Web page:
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1 of 1 people found the following review helpful
4.0 out of 5 stars Worth reading
K F Long provides a decent overview of a necessarily difficult topic. The propulsion methods covered are beyond our current technology, though the science supporting these approaches is clear. This book provides a useful survey of the current state of knowledge, staying within the borders of known science. The math is not for the faint hearted, however readers who are not...
Published on 18 April 2012 by Daniel

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1 of 1 people found the following review helpful
2.0 out of 5 stars Disappointing
This looks like a self-published work - spelling mistakes, strange grammar, poor punctuation. A few of the illustrations are rather wonky amateur pencil sketches. It's amazing that a publishing house like Springer let this one slip out in this condition; they must be economizing on sub-editors.
The "deep space propulsion" section doesn't start until page 139. The...
Published 16 months ago by Grant Hutchison


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1 of 1 people found the following review helpful
2.0 out of 5 stars Disappointing, 2 Mar 2013
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This looks like a self-published work - spelling mistakes, strange grammar, poor punctuation. A few of the illustrations are rather wonky amateur pencil sketches. It's amazing that a publishing house like Springer let this one slip out in this condition; they must be economizing on sub-editors.
The "deep space propulsion" section doesn't start until page 139. The "roadmap to interstellar flight" is a sketchy final chapter. The first hundred pages discuss topics as diverse as aircraft design, the planets of the solar system, evolution, and the design of the British Interplanetary Society 1930s lunar lander. The author seems to be a bit vexed that Pluto is no longer a planet, but misunderstands why its status was changed.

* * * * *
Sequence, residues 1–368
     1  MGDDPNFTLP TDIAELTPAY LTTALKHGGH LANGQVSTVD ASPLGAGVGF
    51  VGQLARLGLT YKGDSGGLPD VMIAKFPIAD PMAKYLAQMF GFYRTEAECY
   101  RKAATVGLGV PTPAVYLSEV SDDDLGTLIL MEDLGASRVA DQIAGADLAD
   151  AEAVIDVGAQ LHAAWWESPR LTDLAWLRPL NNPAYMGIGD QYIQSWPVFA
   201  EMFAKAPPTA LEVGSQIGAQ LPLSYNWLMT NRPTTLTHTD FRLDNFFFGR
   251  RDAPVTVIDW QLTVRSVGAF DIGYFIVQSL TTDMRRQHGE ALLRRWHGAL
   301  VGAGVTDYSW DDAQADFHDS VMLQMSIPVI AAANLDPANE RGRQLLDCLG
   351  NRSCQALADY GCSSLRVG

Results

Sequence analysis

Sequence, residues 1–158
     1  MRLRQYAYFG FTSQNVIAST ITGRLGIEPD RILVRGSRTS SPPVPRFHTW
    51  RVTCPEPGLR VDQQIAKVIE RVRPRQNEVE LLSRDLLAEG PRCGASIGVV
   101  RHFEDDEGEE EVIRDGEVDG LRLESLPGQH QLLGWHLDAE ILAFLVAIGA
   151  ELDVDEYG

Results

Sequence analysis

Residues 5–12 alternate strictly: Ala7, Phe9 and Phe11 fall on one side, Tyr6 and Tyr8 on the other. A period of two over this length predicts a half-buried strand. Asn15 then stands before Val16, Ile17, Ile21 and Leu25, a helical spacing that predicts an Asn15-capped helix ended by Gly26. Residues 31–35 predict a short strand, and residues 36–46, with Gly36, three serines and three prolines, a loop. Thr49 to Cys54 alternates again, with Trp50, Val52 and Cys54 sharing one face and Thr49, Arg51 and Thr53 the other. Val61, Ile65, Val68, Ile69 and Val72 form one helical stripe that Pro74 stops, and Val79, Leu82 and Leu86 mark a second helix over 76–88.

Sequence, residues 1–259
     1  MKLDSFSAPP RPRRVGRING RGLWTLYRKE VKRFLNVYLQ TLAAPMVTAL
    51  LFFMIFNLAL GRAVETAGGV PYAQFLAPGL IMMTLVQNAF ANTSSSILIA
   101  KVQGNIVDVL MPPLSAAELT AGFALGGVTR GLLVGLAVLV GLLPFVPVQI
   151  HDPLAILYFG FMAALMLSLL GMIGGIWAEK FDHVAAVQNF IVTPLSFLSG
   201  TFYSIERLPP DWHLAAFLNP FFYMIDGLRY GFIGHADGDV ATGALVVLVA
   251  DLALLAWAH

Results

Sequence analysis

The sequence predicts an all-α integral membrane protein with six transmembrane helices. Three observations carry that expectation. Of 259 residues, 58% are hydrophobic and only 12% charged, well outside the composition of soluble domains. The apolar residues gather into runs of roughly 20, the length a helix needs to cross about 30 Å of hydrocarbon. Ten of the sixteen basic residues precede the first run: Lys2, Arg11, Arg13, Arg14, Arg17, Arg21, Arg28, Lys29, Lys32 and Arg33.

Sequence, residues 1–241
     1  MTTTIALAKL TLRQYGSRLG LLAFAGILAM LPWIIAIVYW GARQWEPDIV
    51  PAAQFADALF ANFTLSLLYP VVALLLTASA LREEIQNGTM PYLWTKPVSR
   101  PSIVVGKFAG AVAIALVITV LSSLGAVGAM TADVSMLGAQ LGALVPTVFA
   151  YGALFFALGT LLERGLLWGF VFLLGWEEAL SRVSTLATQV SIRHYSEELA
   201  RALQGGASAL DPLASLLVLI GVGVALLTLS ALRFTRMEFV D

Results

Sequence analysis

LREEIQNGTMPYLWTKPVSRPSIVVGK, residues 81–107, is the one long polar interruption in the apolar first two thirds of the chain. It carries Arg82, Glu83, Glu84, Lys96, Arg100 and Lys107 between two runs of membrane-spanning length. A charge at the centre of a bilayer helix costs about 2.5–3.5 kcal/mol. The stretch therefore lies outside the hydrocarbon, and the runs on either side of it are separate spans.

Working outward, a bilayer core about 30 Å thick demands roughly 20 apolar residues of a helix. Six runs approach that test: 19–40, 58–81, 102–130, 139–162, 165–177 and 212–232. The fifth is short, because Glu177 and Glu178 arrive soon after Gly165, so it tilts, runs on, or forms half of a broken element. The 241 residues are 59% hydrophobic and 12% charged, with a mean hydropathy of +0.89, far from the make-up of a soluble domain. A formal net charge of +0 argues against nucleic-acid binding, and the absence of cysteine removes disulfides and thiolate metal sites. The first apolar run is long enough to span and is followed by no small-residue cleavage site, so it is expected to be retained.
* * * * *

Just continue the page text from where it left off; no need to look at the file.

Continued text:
The discussion of deep space propulsion is an odd mixture of detail (lots of handy equations, if you are prepared to trust them in the presence of such poor editing), and skimpiness. We have engines here that produce neutrons and gamma rays, but there's essentially no information on the practicalities of shielding a crew from radiation, for instance. Huge lasers are introduced, but with no discussion of how you might build or power such a thing, where you would put it and how you would aim it over large distances.

Needs a good editor and a more systematic approach.
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1 of 1 people found the following review helpful
4.0 out of 5 stars Worth reading, 18 April 2012
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This review is from: Deep Space Propulsion: A Roadmap to Interstellar Flight (Astronomers' Universe) (Paperback)
K F Long provides a decent overview of a necessarily difficult topic. The propulsion methods covered are beyond our current technology, though the science supporting these approaches is clear. This book provides a useful survey of the current state of knowledge, staying within the borders of known science. The math is not for the faint hearted, however readers who are not comfortable with this can extract the meaning and implications of the equations from the text, and the author is not gratuitously using equations - the subject matter demands it. Personally I am assigning four stars instead of five as the writing style is rather dry.
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